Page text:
More mosquitos test positive for West Nile Virus in Clark County after additional sampling

CLARK COUNTY — West Nile Virus has been detected in another set of trapped mosquitos in Clark County, health officials confirmed Friday.

The Clark County Combined Health District said the positive samples were found on the southwest side of Springfield and that continued efforts are underway at limiting areas of infected bugs.

Last week, the health district reported two samples tested positive in the South Charleston and Springfield areas.

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Health experts are inspecting the affected areas and working with property owners to reduce breeding sources by draining stagnant water or treating it with products containing Bacillus thuringiensis israelensis.

Additionally, health experts are misting the affected area with Duet to reduce adult mosquito population and distributing informational flyers in the area where infected mosquitos were found, the health district spokesperson said.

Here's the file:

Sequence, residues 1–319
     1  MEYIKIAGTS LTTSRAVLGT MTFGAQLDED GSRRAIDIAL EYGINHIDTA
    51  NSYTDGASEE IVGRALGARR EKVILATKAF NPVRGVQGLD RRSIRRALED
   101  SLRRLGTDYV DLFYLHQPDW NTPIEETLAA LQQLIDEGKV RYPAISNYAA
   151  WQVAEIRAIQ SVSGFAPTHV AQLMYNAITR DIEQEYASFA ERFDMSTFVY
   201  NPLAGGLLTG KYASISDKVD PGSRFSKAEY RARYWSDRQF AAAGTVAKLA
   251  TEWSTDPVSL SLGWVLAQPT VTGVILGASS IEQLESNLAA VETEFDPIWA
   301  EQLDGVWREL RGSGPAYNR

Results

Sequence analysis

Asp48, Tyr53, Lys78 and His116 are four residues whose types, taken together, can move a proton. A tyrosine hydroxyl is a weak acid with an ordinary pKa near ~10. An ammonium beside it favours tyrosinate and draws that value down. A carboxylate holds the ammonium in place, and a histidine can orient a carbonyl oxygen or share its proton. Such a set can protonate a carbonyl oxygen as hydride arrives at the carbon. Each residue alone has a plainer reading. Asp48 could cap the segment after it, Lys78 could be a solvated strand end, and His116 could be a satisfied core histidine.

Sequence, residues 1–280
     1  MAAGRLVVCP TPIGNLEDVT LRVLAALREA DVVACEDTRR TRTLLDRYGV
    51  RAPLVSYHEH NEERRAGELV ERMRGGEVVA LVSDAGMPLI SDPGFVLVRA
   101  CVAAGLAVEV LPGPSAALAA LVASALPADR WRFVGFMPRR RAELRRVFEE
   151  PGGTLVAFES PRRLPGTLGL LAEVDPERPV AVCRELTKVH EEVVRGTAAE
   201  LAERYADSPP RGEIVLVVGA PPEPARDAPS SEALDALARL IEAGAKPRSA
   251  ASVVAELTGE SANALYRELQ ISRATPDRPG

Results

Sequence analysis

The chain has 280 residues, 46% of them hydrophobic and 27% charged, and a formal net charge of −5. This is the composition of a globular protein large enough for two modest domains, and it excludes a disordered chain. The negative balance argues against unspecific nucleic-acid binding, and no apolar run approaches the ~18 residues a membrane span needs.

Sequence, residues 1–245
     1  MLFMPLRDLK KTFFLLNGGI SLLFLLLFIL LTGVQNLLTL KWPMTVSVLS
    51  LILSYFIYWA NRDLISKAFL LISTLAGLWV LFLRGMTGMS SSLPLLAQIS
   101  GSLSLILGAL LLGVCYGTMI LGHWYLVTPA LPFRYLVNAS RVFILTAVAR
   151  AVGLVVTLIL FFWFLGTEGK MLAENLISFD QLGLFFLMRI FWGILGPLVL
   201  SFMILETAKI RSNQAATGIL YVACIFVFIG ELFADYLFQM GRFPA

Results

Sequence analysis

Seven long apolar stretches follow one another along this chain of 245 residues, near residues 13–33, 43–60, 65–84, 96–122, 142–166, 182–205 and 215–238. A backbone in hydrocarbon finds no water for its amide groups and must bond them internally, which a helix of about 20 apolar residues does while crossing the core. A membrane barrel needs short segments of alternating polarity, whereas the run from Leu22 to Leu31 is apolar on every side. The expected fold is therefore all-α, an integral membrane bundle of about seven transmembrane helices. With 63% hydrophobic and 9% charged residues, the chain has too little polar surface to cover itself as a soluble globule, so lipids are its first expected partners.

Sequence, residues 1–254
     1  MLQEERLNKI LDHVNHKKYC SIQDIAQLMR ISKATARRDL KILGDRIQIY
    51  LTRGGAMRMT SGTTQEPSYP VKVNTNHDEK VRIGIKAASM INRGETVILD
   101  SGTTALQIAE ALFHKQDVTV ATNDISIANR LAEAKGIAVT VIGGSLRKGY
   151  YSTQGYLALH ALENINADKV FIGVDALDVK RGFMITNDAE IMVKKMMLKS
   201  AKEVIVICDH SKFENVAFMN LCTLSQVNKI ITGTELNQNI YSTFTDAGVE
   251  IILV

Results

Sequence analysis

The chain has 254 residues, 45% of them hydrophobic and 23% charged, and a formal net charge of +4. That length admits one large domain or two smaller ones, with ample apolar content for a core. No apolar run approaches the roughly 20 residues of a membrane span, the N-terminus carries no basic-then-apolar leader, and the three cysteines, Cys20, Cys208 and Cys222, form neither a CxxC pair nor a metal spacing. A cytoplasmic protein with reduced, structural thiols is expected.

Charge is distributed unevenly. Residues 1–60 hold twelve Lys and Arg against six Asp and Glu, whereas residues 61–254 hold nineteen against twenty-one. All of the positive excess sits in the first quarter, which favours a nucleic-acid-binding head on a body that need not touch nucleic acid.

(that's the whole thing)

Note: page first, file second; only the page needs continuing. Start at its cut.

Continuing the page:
West Nile Virus is most commonly spread by infected mosquitos and can lead to severe fever, inflammation of the brain or inflammation of the lining of the brain and spinal cord, the CCCHD spokesperson said.

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However, around 80 percent of people infected will not show any symptoms at all, but there is no way to know in advance if a person will develop an illness after a mosquito bite.

Some more severe symptoms can include high fever, headache, neck stiffness, stupor, disorientation, coma, tremors, convulsions, muscle weakness, vision loss, numbness and paralysis, the spokesperson said. Symptoms develop within three to 14 days of being bit by infected mosquito.

Lesser symptoms include fever, headache, body aches, nausea, vomiting and sometimes swollen lymph glands or a skin rash on the chest, stomach and back. Those symptoms can last a few days or up to several weeks, the spokesperson said.

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